3 Should I carry out a noise risk assessment? Employers are required to carry out a risk assessment where employees are liable to be exposed to noise at work above the lower exposure action level. Please see Section 2 of this Toolkit on the five-step risk assessment process. What should I pay particular attention to when carrying out a risk assessment? The level, type and duration of the exposure. Whether the exposure action values and limit values are exceeded. The routine work employees carry out or are likely to carry out. Variations in the type of work. Direct and indirect effects of noise. Identifying what it is possible to control, and how the risk can be reduced. The availability of alternative equipment that is provided to reduce the noise emission. The availability of adequate hearing protection. Results of any health surveillance. Does it matter how long an employee is exposed to noise? The potential risk to an employee s hearing can be related to the length of time the person is exposed to certain levels of noise, both the daily and the cumulative amounts over a number of years. When should I review the risk assessment? The risk assessment should be reviewed when: There has been a significant change in the workplace (e.g. a new machine has been installed). It is no longer deemed to be valid. The results of health surveillance find identifiable hearing damage. What information and training should employees receive? Information and training relating to risk resulting from exposure to noise should include: The nature of such risks. The organisational and technical measures taken. The exposure limit values and the exposure action values. The results of the risk assessment and measurements of the noise and an explanation of their significance and the potential risks. The correct use of hearing protectors. Why and how to detect and report signs of hearing damage. The circumstances in which health surveillance is made available to employees, and its purpose. Safe working practices to minimise exposure to noise. What steps can I take to prevent or control the risks associated with noise-induced hearing loss? As with any other hazard, the control of noise has a hierarchy of control options: elimination, substitution, reduction, personal protective equipment (PPE) etc. Noise elimination and control can be seen as: Engineering measures, for example control of vibration by damping or tightening parts in the noise source. Administrative measures, for example by good procurement or by rescheduling work to decrease exposure time of the employees involved. Use of PPE, as a last resort, for example by the use of suitably selected personal ear protection. The options can be summarised as follows: If possible, remove the source of noise from the workplace. Control the noise at source by identifying what is actually making the noise in the noise source and dealing with the problem. Use collective control measures, for example engineering controls such as enclosing the noise source, workplace design such as isolating the noise source or suitable acoustics within the work area to reduce the transmission of noise. Use individual control measures (PPE) if the measures above are not adequate. Is it my responsibility to provide Personal Protective Equipment (PPE)? Yes, the employer must supply sufficient numbers of suitable ear protectors where the lower exposure action level is exceeded. You should consult with the employees regarding suitability and adequacy of the type chosen. You must also ensure that all hearing protection is properly stored when not in use and that a suitable programme for cleaning and maintenance of the hearing protection is introduced.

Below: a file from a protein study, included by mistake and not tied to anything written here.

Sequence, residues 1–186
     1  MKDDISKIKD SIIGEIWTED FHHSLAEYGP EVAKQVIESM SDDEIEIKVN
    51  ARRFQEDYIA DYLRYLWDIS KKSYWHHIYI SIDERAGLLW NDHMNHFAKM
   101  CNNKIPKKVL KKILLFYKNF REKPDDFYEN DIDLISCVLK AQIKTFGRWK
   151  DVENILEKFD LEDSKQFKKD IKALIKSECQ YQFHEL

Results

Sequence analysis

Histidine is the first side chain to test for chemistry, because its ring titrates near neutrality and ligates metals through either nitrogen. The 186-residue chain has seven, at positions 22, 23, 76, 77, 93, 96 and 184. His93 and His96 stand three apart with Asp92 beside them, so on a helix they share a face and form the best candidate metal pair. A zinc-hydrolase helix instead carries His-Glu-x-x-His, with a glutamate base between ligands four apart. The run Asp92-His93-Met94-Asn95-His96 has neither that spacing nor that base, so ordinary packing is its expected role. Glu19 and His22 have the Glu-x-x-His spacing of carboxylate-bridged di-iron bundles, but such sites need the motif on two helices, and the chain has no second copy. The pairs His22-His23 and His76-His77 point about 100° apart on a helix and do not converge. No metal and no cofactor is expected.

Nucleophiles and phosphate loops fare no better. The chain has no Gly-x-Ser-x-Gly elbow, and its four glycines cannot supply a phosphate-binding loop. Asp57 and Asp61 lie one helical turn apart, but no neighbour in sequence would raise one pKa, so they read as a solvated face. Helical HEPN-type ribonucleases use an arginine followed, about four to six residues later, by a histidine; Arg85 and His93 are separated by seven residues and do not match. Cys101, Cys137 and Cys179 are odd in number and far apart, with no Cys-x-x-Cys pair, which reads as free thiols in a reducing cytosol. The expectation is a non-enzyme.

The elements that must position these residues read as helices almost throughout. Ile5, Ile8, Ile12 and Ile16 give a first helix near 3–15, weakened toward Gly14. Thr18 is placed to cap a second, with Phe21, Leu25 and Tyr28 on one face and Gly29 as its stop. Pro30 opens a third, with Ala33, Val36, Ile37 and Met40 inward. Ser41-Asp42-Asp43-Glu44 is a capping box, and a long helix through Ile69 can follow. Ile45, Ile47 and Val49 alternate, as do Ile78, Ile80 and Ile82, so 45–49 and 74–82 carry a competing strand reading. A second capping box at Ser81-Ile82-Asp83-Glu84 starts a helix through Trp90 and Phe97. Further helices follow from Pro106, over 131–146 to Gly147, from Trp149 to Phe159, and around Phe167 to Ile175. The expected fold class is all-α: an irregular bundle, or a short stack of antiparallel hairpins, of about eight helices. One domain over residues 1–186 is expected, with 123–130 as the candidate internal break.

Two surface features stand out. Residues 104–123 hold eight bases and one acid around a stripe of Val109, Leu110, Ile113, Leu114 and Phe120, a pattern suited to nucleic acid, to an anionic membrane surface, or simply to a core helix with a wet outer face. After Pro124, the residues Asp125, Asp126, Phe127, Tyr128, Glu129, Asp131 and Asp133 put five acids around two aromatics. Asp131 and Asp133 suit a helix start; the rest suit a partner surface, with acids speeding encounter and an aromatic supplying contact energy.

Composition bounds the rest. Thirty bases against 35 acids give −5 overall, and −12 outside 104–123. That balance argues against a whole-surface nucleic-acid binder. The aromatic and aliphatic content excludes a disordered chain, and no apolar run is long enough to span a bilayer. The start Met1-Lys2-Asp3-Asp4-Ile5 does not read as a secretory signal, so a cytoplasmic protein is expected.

4 All employees need proper training to put the earplugs in properly. When must PPE be worn? Whereas you must make PPE available to employees when the lower exposure action level is exceeded, employees must wear the PPE when the upper exposure action level is exceeded. Work activities that may require the use of PPE include: Work with metal presses. Work with pneumatic drills. Work with turbines. The work of ground staff at airports. Pipe-driving work. Wood and textile work. What type of PPE should be used? PPE should be used as a last resort after all efforts to eliminate or reduce the source of the noise have been exhausted. Types of PPE include: Earplugs and similar devices. Full acoustic helmets. Earmuffs which can be fitted to industrial helmets. Ear defenders with receiver for LF induction loop. Ear protection with intercom equipment. There are Irish, British and International Standards (ISO) set for ear protectors. Contact the National Standards Authority of Ireland for further details. How should PPE be chosen? The choice between earmuff and earplugs must be made using the following criteria: The level of protection should be determined after measuring the level of the noise and the relevant frequencies. The type of protection selected will depend on the type of work and personal characteristics of the employee. For example, people who have to wear eye protection during grinding may have a limited range of products available as the hearing protection has to be complementary with the eye protection. The arms of spectacles or goggles can stop a good seal with earmuffs so the person loses hearing protection. Also facial hair may reduce the seal achieved by the ear protectors so that the protection is reduced. The type of workplace may also influence the range of protection available (e.g. use of earplugs in dirty workplaces may increase the risk of ear infection). Earplugs may not fit everyone. Employees with a narrow ear canal or ear infections may not be able to use earplugs. Earplugs may cause ear infections. To avoid this problem disposable plugs should not be re-used often or shared and non-disposable plugs should be properly cleaned at regular and frequent intervals in accordance with the manufacturer s instructions. Some people experience dizziness and a sensation of vertigo when using earplugs. Some people find wearing earmuffs uncomfortable, particularly in warm or humid working conditions. Can an employee in a noisy environment be overprotected? Yes. If the protection (known as attenuation) provided by personal ear protection is too high, employees can be overprotected. Communication becomes difficult and people end up working in isolation. Standard EN 458 states that the level of attenuation is good if the noise level is 5 db under the national action level. This will mean that communications in the workplace are not disturbed too much. Can a noisy work environment increase the likelihood of accidents? Yes. A noisy workplace can increase the risk of accidents in two ways: High noise levels can make it more difficult to hear approaching dangers (e.g. vehicles), verbal warnings or alarms. Noise can increase the likelihood of accidents through creating demands on attention and affecting concentration. Information will be processed less efficiently, reflexes will be slower and risk-taking will increase. This does not leave much capacity for noticing risks and emergencies that may cause accidents and therefore increases the likelihood of accidents happening. What is the purpose of hearing checks and audiometric testing? Hearing checks and audiometric testing seek to provide an early diagnosis of any hearing loss due to noise and to assist in the preservation of hearing.